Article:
MCWD Announces 2012 Watershed Heroes Awards
Deephaven, Minn. – On Thursday, October 18, 2012, the Minnehaha Creek Watershed District (MCWD) will honor citizens and organizations that have made significant contributions to clean water at its annual “Watershed Heroes” awards celebration. The awards recognize the important role we all have in improving and protecting our water resources. The MCWD also will celebrate its 45th anniversary at the event, which is planned at the Bayview Event Center in Excelsior.
“Since it was established in 1967, the Minnehaha Creek Watershed District has worked with all levels of government, businesses, non-profits and residents. This year’s award recipients are all prime examples of the collaborations needed to provide and protect clean water in the District,” said Jim Calkins, MCWD board president. “Each of the 2012 Watershed Heroes has gone out of their way to ensure we maximize the results of the District’s work across the watershed and truly make a difference in the community.”
The 2012 Watershed Hero Award Recipients are:
Excellence in Development Award: Woodland Cove, LLC and The Bancorp Group,
Woodland Cove, LLC and The Bancorp Group, Inc. had numerous design requirements to meet in planning the Woodland Cove housing development on the shores of Lake Minnetonka’s Halsted Bay in Minnetrista. Through a participatory planning process, they arrived at a design that significantly reduces runoff volume, sediment and phosphorus into the bay, which is impaired for nutrients. Their work demonstrates a significant commitment to reducing the project’s impact on the natural resources.
Innovation in Government Award: City of Shorewood
The City of Shorewood has established itself as a leader on water quality issues. In 1999 it became the first city in the United States to pass an ordinance regulating the use of phosphorus fertilizer, which contributes excess nutrients to local water bodies when used improperly. More recently, it has been taking an active role in preventing the spread of Aquatic Invasive Species (AIS). It has partnered with the MCWD and the Christmas Lake Homeowners Association to increase protections at Christmas Lake. In 2012 it became the first city in the state to pass an ordinance requiring boaters to have an inspection before launching a boat on Christmas Lake. Shorewood’s proactive approach is a model for other communities to follow.
Outstanding Partner Award: City of Hopkins
Within the District, the City of Hopkins’ name is synonymous with “partnership.” It is currently working with the MCWD on a plan to restore Minnehaha Creek at Blake Road. The effort will improve water quality, expand a park that was formerly a magnet for crime and help the City redevelop an industrial site. In addition to cleaning up the water, the project will provide public access to the creek, add green space to the neighborhood and boost the city’s tax base with new development and enhanced property values.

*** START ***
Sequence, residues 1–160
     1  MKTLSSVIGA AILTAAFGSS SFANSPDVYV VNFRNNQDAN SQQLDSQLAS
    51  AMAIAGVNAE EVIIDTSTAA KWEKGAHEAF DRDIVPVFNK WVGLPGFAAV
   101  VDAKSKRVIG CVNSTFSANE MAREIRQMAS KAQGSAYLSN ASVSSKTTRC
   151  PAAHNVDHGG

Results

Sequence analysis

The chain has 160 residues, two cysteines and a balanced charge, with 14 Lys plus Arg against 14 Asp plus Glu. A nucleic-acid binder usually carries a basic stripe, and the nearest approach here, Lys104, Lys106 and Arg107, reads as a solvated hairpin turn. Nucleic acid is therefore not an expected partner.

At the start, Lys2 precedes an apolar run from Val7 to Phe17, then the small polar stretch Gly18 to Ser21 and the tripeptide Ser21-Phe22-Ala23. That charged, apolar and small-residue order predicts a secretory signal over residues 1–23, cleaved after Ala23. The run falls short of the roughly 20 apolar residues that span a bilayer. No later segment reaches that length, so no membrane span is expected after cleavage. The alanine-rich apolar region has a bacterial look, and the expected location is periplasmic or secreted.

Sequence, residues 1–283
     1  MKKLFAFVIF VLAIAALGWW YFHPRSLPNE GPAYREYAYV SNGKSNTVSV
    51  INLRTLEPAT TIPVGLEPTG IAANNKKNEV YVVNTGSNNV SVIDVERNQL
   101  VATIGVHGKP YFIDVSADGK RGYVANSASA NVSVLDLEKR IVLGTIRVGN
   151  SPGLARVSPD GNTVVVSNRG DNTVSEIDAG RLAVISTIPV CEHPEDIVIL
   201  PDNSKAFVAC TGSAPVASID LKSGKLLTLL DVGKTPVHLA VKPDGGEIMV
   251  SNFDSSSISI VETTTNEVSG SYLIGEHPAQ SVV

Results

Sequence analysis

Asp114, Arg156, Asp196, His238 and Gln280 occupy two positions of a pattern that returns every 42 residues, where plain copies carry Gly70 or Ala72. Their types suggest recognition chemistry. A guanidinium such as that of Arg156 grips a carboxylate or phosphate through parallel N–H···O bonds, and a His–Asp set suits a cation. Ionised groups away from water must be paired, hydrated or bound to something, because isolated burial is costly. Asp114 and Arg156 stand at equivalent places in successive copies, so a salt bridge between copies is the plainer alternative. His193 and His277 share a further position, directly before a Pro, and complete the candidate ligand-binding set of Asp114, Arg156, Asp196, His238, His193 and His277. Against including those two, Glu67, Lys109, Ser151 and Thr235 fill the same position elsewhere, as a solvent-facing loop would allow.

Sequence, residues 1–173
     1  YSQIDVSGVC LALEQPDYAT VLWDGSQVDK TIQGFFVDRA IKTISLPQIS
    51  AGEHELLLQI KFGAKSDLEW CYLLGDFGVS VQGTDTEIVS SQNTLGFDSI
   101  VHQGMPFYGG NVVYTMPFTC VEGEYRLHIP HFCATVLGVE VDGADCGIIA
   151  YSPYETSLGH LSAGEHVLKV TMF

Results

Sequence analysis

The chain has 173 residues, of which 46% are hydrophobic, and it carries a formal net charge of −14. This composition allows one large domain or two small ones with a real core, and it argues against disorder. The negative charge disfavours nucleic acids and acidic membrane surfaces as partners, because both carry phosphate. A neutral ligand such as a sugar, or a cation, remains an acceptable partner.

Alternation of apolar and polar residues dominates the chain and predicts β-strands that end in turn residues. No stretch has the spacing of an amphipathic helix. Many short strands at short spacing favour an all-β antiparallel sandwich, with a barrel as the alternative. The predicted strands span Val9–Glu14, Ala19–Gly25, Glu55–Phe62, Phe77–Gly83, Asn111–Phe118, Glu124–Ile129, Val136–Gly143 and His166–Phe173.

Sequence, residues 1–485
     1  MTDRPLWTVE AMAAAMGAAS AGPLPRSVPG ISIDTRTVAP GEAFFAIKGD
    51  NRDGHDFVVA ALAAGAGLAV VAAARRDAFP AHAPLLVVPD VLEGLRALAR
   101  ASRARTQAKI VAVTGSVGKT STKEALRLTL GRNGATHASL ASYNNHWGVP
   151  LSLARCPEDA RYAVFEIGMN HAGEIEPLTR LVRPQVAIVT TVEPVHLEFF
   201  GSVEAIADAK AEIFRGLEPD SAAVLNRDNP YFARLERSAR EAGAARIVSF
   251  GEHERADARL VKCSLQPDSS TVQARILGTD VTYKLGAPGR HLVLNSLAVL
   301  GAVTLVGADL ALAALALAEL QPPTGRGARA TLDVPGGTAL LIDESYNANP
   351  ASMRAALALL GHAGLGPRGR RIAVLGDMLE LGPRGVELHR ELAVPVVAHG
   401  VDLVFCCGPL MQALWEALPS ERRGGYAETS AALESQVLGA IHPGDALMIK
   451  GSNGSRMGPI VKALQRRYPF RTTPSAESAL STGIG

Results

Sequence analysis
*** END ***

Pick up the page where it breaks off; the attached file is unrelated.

Youth Naturalist Award: Youth of Mooney Lake Storm Drain Project
Evan Rechelbacher, a fourth grade student at Blake Elementary School in Wayzata, recruited six of his classmates for a water cleanup project in June 2012. Inspired by a recent meeting of the Mooney Lake Association, Evan organized a storm drain stenciling and cleaning effort in his neighborhood. The boys swept up 100 pounds of debris from 17 storm drains that empty directly into Mooney Lake, which is impaired due to excess nutrients. They also glued permanent stickers to the storm drains that say “No Dumping, Drains to Lake.”
Citizen Engagement Award: Lake Minnetonka Association Bay Captains
The Lake Minnetonka Association Bay Captains have put in countless hours advocating for their bay. The 15 Bay Captains that represent Carman, Gideon, Grays, Phelps and St. Albans Bays have shown tremendous commitment to enhancing the quality of life for residents and users of the resource. They developed and implemented a milfoil management financing program that raised nearly 60 percent of the $1 million in project funding. They‘ve also educated residents about the benefits of native plants and created a website for native plant identification.
Outstanding Contribution Award: Dr. Peter Sorensen
Dr. Peter Sorensen, a renowned carp researcher at the University of Minnesota, has spent years studying the behavior of common carp, an invasive species that has disrupted the ecosystem of lakes across the country. In 2012, he was instrumental in securing state funding for a new AIS Institute at the U of M. The Institute’s initial work will focus on increasing our understanding of zebra mussels, Asian and common carp and Eurasian watermilfoil.
Lifetime Stewardship Award: Herbert J. Suerth, Jr.
Herbert J. Suerth, Jr. is a longtime advocate for water quality issues and a passionate fighter against AIS. He represented the City of Woodland on the board of the Lake Minnetonka Conservation District for 17 years before retiring in December of 2011. He also served as chair of the LMCD’s AIS Task Force.
The public is encouraged to attend and join in the Watershed Heroes celebration. Tickets are $35 and must be reserved on line or by mail prior to October 4. To register or learn more, visit www.minnehahacreek.org/watershed-heroes.
Telly Mamayek, Communications Director
Minnehaha Creek Watershed District
The Minnehaha Creek Watershed District covers approximately 181 square miles, including Minnehaha Creek, Lake Minnetonka, the Minneapolis Chain of Lakes and Minnehaha Falls. The District is charged by state law to protect, improve and manage water resources. It does so through scientific research and monitoring, public education, cost-share grant programs, permitting and collaborative efforts with the 27 cities, two townships and two counties (Hennepin and Carver) that are in the District. For more information, visit www.minnehahacreek.org.